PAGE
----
It happened again. Somehow, you forgot to return that one important phone call. Or maybe it was a report you needed to send out, but you didn’t. Whatever it was, it fell through the cracks. Now, you’re feeling overwhelmed, incompetent, and guilty as you try to clean up the mess.
How did we get here?
It all started with a simple mistake. Someone asked you to do something, or maybe you decided to do something. And then you said to yourself, “I’ll just remember that. I don’t need to write it down.”
And then it slipped your mind.
Many people do this to themselves on a regular basis. They have good intentions, but it just doesn’t work.
Stop telling yourself the lie, “I’ll just remember that” — and write down anything that matters.
You may be thinking, “That’s so simple.” And you are right. Writing things down isn’t rocket science. A 6-year old can do it.
We all know that it’s a good idea to capture a task, deadline, or commitment when you think of it. You know that when you write things down, you are far more likely to remember them. This habit can help you avoid the panic that comes when tasks fall through the cracks.
It’s simple, so why don’t we do it?
Because we have built up the habit of telling ourselves this lie. “I’ll just remember this, so I don’t need to write this one thing down.”
There are at least three ways in which writing things down helps.
The first reason is right on the surface. Writing things down creates a physical or a digital record that can be referenced or searched later.
As a best practice, it’s a good idea to set up your workspace in a way that allows you to catch that thought or commitment the same way every time. Perhaps you always write things down in a notepad, then tear out the page and put it inside of your in-tray to “process” and add to your calendar or to-do list later.
But as a practical matter, sometimes thoughts and commitments catch you outside the office (perhaps on a fishing dock, on while you are walking your dog). In those situations, you might use a note-taking app on your phone, or perhaps send a text-message to yourself. Either way, as long as you have some place to look for that note later, you’ve done the capturing part.
The second reason this helps is because the act of writing something down engages your brain in a way that’s different from thinking of an idea or hearing someone ask you for a favor. It forces you to process the thought and do something with it, which actually helps you remember it better.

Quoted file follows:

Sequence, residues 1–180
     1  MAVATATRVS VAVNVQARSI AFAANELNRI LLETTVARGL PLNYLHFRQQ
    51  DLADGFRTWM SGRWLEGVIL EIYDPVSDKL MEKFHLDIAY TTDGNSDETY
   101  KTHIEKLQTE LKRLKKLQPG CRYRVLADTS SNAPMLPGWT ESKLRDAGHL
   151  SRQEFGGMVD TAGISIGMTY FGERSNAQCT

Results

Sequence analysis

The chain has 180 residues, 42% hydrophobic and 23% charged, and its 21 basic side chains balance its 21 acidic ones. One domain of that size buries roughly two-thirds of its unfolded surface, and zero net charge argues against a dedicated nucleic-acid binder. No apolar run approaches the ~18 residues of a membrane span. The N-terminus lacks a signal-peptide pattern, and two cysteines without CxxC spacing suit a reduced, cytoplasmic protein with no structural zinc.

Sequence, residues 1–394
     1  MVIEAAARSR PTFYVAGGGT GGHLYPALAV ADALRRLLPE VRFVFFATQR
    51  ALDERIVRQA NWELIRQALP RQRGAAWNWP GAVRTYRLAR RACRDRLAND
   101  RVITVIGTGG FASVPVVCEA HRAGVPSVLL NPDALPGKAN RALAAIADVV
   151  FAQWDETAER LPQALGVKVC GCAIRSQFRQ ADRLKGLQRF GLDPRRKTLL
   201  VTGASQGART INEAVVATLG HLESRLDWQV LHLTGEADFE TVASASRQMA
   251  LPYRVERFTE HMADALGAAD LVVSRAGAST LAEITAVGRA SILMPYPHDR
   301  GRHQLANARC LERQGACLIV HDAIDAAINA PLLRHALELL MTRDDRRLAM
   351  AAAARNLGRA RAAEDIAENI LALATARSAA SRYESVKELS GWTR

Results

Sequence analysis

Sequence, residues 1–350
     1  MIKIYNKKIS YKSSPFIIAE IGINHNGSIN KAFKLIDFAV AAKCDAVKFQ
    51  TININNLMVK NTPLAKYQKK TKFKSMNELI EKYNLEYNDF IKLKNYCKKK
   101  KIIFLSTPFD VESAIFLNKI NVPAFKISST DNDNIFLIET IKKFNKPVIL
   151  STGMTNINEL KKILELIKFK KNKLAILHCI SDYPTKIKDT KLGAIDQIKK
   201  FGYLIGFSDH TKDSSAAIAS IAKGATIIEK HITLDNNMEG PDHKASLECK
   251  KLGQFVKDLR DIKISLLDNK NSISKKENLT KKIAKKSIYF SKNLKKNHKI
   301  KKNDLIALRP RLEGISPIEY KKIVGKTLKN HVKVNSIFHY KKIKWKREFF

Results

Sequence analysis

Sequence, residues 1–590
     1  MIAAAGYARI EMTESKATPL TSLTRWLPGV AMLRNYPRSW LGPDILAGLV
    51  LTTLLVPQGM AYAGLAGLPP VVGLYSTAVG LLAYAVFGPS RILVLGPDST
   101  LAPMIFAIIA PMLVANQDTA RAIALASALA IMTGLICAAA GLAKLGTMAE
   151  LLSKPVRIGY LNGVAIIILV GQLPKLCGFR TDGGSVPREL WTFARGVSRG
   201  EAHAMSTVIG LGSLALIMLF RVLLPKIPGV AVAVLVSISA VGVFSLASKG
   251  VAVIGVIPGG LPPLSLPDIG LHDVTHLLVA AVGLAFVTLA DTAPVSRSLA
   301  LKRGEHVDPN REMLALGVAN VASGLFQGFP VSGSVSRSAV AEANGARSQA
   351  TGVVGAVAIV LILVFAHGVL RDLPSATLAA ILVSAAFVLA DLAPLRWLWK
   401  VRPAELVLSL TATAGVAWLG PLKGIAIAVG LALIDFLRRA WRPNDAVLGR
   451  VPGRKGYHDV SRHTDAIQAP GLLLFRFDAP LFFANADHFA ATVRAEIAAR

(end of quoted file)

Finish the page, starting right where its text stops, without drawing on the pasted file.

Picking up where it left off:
The third reason is that it helps you get yourself out of what Daniel J. Levitin, a neuroscientist and author of The Organized Mind, refers to as the “rehearsal loop”. When you have something on your mind and you are concerned that you might forget it, your brain locks you into a cycle of constant internal nagging. That’s not productive, because the brain will remind you about your task at the most inconvenient times — like when you are watching a movie, talking to a prospect, or trying to drift off to sleep.
Make a commitment to write down everything that matters.
If you find yourself thinking “This is a small thing, it doesn’t matter if I don’t write it down” — ask yourself whether you need to do it at all. Here’s my rule of thumb. If you need to do it or delegate it, then it matters — and it should be written down. Unless, of course, you decide to do immediately.
To set yourself up for success, build one standard way of capturing ideas and commitments. Ideally, it’s a notepad within an arm’s reach of your desk. You might strategically place a few more similar notepads in other places where things might occur to you (kitchen, living room, and the car, for example). Then, whenever you think of something, or whenever someone makes a request of you, capture it right away — and watch your mental space clear and your productivity soar!
How do you capture your ideas and commitments? Sounds off in the comments! I’m always looking for new ideas.